Local knowledge, needs will drive Arctic sea ice research

Social Sciences

UVic Department of Geography PhD candidate Laura Eerkes-Medrano, left, and Isaac Tavalok, chair of Gjoa Haven's Hunters and Trappers Association, during ONC's November visit to Gjoa Haven, Nunavut. Credit: Maia Hoeberechts

Expanded community engagement into more Arctic communities is helping Ocean Networks Canada (ONC) carry out the ocean science that matters most to the people who live in Canada’s North.

Polar Knowledge Canada (POLAR) announced today that ONC will receive $247,000 to expand its successful community-engagement program in Cambridge Bay, Nunavut, to the communities of Kugluktuk and Gjoa Haven. The two-year grant, focused on the science of sea ice, was awarded by POLAR and is a continuation of their support of ONC’s leadership of community engagement in the Arctic.

“Research driven by the needs of a community is well-established in areas such as health and social work, but it’s lagging in the sciences,” says Maia Hoeberechts, project lead with ONC, a University of Victoria initiative.

“We have the intention with all of our projects of doing scientific work in ways that are meaningful to the communities we work with,” says Hoeberechts. “But what really excites me about this one is that it’s the first time we’ve been funded exclusively to work with the communities, with the option to develop a follow-up research proposal with them if there’s interest.”

The study of sea-ice processes is a key aspect of understanding climate change in the Arctic. Ice growth, melt rates and ocean acidification are all affected by increasing amounts of carbon dioxide and other greenhouse gases in the atmosphere, largely a result of burning fossil fuels.

ONC will be conducting interviews with youth, active hunters, Indigenous elders and non-Inuit community members in Kugluktuk and Gjoa Haven as part of the project, and replicating its two highly successful youth engagement programs launched in Cambridge Bay in 2014 and 2016.

Those programs—Ocean Sense and Youth Science Ambassador—aim to engage youth in the collecting and sharing of vital insights into changes in the oceans around their communities. Youth are encouraged to make their own observations, analyze ONC data and talk to Indigenous elders, putting their local observations to use in making global connections.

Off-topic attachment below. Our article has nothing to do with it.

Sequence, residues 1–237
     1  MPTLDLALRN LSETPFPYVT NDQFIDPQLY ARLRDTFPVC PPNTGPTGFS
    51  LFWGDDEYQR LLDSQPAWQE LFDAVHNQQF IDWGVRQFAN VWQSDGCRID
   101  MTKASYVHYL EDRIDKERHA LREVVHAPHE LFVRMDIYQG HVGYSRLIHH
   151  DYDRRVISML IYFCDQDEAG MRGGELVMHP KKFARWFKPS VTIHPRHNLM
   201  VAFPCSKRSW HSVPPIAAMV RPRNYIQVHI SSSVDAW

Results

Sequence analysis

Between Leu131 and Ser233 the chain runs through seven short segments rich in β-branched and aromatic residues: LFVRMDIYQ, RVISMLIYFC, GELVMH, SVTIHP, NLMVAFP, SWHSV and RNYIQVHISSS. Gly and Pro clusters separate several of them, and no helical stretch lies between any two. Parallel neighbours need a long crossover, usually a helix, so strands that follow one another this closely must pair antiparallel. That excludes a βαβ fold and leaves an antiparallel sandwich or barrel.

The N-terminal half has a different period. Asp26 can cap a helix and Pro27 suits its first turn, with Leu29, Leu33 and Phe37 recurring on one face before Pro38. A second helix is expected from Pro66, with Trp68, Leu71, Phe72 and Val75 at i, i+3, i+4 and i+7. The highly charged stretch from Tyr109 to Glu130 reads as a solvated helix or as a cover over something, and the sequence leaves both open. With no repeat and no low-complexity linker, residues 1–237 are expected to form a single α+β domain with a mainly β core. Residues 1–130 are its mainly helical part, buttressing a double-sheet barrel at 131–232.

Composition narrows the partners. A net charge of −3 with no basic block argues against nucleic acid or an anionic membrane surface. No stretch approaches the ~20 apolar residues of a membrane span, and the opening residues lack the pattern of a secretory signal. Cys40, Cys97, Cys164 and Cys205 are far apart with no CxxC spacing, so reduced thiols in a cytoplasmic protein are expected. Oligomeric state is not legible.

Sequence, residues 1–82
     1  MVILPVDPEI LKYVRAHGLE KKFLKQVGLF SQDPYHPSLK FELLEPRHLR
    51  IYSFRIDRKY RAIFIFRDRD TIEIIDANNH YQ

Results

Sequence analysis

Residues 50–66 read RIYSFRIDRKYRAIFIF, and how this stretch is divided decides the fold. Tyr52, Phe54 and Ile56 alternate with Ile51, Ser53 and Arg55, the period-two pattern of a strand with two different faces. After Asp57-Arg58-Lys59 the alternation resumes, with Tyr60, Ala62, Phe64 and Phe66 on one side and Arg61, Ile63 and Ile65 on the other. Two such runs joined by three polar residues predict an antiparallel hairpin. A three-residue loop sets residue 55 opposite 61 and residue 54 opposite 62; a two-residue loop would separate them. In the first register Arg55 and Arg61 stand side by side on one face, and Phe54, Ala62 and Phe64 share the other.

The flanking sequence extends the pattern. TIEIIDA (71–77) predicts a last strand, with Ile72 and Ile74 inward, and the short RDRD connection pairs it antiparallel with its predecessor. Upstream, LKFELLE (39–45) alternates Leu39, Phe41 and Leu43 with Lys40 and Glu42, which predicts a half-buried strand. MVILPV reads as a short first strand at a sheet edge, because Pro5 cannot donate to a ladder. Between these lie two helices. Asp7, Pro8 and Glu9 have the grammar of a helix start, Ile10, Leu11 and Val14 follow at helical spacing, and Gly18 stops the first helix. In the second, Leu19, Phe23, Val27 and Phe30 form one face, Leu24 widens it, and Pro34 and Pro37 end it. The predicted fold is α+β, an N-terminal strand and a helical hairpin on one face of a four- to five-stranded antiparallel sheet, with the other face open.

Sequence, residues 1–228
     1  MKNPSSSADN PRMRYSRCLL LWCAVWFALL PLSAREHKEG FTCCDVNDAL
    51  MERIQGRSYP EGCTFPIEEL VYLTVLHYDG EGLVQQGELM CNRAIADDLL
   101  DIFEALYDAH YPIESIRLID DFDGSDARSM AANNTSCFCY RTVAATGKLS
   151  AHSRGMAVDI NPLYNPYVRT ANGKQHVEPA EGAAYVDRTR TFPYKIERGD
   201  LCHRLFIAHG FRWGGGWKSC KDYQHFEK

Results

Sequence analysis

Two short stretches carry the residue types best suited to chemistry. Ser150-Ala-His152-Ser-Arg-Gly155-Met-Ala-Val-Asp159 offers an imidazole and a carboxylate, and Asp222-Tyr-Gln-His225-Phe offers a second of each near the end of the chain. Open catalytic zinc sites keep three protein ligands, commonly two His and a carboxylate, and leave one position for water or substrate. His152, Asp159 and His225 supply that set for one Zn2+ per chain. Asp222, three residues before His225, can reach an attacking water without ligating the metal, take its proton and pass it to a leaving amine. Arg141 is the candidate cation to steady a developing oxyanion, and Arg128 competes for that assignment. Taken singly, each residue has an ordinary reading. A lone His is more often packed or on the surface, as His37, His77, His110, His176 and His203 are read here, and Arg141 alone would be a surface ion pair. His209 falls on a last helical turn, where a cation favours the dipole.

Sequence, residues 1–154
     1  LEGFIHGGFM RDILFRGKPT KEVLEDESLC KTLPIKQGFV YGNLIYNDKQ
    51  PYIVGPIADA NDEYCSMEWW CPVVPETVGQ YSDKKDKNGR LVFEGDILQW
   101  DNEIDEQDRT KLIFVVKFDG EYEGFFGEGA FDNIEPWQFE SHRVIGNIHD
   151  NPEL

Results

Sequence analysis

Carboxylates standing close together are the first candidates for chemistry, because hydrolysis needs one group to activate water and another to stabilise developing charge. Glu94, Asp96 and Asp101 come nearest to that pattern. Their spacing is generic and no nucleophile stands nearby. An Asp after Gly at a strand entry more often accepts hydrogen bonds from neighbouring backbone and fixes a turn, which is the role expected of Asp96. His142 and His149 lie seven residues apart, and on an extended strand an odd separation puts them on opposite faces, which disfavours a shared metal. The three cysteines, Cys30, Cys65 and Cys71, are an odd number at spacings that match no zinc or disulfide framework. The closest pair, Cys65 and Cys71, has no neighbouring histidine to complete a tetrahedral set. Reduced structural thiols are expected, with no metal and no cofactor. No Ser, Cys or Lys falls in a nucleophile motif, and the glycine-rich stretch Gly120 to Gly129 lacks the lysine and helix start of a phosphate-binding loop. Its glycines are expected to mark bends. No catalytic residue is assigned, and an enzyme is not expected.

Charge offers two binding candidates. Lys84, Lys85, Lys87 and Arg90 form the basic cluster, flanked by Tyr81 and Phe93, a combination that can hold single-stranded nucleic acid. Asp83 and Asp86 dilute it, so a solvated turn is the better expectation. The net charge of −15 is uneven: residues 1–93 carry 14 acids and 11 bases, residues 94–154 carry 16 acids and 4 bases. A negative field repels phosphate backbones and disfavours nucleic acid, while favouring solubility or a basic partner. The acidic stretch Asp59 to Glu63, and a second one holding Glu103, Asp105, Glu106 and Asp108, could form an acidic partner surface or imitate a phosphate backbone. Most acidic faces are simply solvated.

Other aspects of the project will train college students in the North in ONC instrumentation. ONC will also translate and share data from ocean monitoring bodies including Fisheries and Oceans Canada’s Canadian Ranger Ocean Watch program and the Canadian Ice Service—both partners in the project—to improve accessibility for people in Arctic communities.

That data will be shared as well via Oceans 2.0, ONC’s unique data portal bringing together the deep-sea information being continuously collected by ONC’s network of undersea observatories. 

ONC’s observing network of internet-connected stations has been collecting data and detecting environmental change for more than five years in the Arctic Ocean at Cambridge Bay. The state of sea ice due to climate change is a global concern, and the growing possibility that the Arctic Ocean will be ice-free by 2030 has accelerated the need for a better understanding of how the Arctic functions and responds to climate change.

A press kit containing high-resolution photos is available on Dropbox.

NOTE to media: The ONC communications team is returning from Quebec today and are available only until 11 a.m. PST. They will have full availability as of Monday, Dec. 18.

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Media contacts

Maia Hoeberechts at maiah@uvic.ca

Greig Bethel at 250-216-7510 or gbethel@uvic.ca

In this story

Keywords: Arctic, oceans, climate, Indigenous, youth, Nunavut, Ocean Networks Canada, Polar Knowledge Canada, community, geography

People: Maia Hoeberechts

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